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Implementation of several cryptographic primitives. I created this library to to test specific attacks on existing cryptograpy.

Performance is not a priority and I make no effort from prevented anyone from using the wrong schemes. My only goals here are to make correct implementations which are easy to use.

Example usage

#!/usr/bin/env python2
from crypturd import encrypt,decrypt

# Input message and key are strings or arbitrary length
message = "Attack at dawn!"
key = "yKj3xBCBatVG1Q0gZ8ss2xbC4"

# Generate ciphertext from message and key
# Default symmetric key cipher is chacha20+poly1305
ciphertext = encrypt(message,key)

# Recover plaintext from ciphertext
plaintext = decrypt(ciphertext,key)

Default cipher suite

Symmetric key crypto MAC Key exchange Signature RNG
ChaCha20 Poly1305 ECDH (Ed25519) Manytimessig (custom) ChaCha20

Included ciphers

Symmetric key crypto MAC Key exchange Signature
RC4 (Weak) CBC-MAC (weak) RSA RSA
AES-256 (ECB/CBC/CTR) Poly1305 Manytimessig (custom)
ChaCha20 statelessig (custom)
Padding Random Number generator Hash
Null Padding RC4 (weak) MD4 (Weak)
PKCS7 MT19937 (weak) SHA1 (Weak)
AES-128-CTR SHA256


This is a single man project, nobody except the author has reviewed this code.


Based on input/output all primitives are implemented correctly. However this does not necessarily exclude the possibility of side-channel attacks.

Some primitives included in this library easily broken, do not use them for anything you care about. The default hash function, random number generator and symmetric key cipher are chosen to be secure. If in doubt, use the defaults (as specified in

Side channel attacks

The current AES implementation can leak its internal state due to timing differences in lookup tables between recently and non-recently accessed values.

ChaCha20 is immune to side-channel attack when implemented correctly. On 64-bit machines the ChaCha20 in this library is not vulnerable to side-channel attacks. However on 32-bit cpu python may treat number in the range 2^31 - 2^32 as bignums, allowing for side-channel attacks.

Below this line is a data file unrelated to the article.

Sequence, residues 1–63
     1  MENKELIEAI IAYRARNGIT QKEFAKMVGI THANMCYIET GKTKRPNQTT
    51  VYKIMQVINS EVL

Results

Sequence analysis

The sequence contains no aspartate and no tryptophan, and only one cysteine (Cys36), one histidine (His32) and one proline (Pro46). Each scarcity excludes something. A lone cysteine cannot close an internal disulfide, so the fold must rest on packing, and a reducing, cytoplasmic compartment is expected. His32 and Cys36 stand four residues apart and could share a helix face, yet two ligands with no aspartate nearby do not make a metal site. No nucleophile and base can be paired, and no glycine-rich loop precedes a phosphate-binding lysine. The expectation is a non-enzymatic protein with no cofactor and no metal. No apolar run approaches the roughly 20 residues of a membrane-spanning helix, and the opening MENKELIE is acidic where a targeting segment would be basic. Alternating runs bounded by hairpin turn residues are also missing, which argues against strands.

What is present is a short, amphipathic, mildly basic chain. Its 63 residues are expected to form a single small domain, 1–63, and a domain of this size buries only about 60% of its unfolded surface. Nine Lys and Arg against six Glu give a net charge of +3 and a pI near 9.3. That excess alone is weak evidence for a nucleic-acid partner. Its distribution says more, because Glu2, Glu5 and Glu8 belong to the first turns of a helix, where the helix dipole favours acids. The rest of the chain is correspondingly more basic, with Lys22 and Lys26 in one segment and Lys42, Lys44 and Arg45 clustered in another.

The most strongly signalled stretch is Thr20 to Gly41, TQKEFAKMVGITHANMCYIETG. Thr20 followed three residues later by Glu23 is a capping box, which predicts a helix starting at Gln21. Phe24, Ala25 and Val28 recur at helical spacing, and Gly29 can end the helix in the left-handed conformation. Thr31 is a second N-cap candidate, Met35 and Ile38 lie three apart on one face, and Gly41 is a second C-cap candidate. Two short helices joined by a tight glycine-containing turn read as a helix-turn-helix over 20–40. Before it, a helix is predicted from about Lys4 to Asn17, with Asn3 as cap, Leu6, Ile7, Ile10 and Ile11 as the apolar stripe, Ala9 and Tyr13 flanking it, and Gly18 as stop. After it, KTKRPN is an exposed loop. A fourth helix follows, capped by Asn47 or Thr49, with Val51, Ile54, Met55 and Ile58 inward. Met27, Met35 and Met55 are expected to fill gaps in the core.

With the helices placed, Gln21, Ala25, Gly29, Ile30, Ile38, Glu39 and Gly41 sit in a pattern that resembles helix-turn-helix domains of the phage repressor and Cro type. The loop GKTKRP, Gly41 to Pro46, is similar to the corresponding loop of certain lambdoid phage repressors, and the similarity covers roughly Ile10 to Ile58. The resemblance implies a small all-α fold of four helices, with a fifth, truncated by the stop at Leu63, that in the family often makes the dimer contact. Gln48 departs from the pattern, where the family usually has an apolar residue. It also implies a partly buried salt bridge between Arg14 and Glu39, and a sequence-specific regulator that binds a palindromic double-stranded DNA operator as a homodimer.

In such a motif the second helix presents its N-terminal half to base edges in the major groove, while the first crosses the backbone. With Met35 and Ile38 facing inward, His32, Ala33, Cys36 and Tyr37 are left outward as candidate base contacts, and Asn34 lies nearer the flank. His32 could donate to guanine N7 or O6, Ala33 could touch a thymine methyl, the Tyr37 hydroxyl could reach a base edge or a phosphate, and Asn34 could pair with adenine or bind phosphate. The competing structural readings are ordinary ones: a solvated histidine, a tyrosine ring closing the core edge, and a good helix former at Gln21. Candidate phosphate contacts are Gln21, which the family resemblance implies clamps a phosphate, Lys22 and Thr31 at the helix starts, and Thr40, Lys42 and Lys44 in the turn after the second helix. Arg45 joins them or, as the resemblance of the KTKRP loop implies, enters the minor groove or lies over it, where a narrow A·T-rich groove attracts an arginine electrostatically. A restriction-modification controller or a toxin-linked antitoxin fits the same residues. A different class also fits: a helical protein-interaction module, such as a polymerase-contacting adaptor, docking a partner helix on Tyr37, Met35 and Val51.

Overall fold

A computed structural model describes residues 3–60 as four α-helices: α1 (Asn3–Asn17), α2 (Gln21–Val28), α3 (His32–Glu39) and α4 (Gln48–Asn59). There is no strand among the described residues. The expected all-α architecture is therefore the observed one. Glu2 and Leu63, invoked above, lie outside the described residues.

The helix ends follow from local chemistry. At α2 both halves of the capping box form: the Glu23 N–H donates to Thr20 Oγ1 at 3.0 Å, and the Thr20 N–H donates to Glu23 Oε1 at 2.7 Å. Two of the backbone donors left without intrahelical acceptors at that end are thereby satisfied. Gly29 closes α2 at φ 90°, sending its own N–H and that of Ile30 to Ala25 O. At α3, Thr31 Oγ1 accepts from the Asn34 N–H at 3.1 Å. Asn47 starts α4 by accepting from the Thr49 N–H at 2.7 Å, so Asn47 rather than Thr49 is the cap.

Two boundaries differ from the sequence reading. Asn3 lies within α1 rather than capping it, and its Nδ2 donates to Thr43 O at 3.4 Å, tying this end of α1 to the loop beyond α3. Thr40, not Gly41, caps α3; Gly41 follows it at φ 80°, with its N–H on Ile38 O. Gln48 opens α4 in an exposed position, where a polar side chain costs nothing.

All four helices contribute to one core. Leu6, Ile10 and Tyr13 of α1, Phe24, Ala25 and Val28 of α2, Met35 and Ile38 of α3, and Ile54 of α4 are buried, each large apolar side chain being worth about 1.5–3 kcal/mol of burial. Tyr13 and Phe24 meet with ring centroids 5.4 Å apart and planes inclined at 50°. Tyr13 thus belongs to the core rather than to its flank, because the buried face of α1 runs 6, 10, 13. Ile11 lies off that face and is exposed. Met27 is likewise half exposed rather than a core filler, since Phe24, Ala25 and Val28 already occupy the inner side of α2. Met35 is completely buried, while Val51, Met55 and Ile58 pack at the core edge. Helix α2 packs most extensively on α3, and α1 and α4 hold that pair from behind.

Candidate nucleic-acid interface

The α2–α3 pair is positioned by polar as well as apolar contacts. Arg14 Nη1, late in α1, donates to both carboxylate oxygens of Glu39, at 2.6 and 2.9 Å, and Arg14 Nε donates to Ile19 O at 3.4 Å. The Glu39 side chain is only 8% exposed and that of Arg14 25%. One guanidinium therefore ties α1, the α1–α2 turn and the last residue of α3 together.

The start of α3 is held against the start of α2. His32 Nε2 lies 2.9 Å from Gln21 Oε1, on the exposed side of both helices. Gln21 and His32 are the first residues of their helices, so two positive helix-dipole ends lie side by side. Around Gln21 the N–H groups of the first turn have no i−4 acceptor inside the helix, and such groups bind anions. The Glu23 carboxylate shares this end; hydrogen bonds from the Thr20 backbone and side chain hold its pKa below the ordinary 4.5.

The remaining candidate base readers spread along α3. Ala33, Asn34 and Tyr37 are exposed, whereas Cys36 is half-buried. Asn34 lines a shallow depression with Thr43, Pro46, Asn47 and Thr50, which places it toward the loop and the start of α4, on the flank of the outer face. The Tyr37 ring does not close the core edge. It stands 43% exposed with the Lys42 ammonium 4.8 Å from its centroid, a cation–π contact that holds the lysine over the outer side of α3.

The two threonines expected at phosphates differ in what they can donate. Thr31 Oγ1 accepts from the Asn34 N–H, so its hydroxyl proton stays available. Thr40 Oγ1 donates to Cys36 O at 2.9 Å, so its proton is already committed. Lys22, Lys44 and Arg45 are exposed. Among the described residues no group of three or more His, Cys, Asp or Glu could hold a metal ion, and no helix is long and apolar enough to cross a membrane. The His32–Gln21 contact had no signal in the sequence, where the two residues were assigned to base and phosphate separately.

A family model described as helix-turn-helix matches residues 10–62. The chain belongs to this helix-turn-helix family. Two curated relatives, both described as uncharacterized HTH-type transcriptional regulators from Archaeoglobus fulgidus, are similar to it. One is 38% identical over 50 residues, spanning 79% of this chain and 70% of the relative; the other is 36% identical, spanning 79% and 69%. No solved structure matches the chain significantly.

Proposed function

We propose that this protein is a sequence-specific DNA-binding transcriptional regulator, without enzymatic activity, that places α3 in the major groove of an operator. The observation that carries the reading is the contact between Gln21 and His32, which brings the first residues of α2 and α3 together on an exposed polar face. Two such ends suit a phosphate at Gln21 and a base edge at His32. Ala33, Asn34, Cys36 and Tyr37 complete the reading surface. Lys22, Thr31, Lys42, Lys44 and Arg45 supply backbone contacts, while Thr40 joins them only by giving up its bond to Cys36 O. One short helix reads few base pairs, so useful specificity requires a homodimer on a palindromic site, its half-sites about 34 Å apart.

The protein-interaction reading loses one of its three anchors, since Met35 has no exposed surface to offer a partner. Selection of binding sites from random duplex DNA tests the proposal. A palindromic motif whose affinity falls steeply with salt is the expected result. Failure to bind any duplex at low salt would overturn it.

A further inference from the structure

Technical notes

Due to differences in string formatting in python2 and python3, this library only work with python2.

Error messages are hidden by default to prevent leakage of data. To get accurate exception handling add the following line to your code.

crypturd.common.DEBUG = True

Key derivation

For easy use all cipher can be used with arbitrary size user keys that are converted to appropriately sized keys

  • Keys that are shorter than expected are padded with null bytes
  • Strings of the correct size are use exactly
  • hex formated string of the correct size are used exactly
  • Otherwise, the input string is hashed using sha256 (and truncated for 128-bit keys)

The following keys are all treated as if they were identical

  • "yellow submarine"
  • "yellow submarine\0\0\0\0\0\0\0\0\0\0\0\0\0\0\0\0"
  • "79656c6c6f77207375626d6172696e6500000000000000000000000000000000"

Nonce generation

The generation of nonces in this library relies on os.urandom(). On common Gnu/Linux distribution (Debian/Ubuntu/Red Hat/Gentoo/Arch/SuSe etc) and BSD systems (OpenBSD,FreeBSD) I can confirm that this functionality is implemented correctly.

On other popular systems (Microsoft Windows, Apple Mac OS and other proprietary systems), I cannot assure that nonces are generated securely.

Ciphertext structure

The general structure of all authenticated ciphers is as follows

(IV or nonce) || (Ciphertext) || MAC

For Chacha20 the format is

96-bit nonce (for both ciphertext and MAC) || Ciphertext || Poly1305 MAC (128 bits)

For most modes AES the format is

128-bit IV (for ciphertext) || Ciphertext || SHA256-MAC (256 bits)

AES-128-ECB and AES-256-ECB do not use Initialization vectors or message authentication codes.

Plaintexts in AES-ECB and AES-CBC are padded using PKCS7.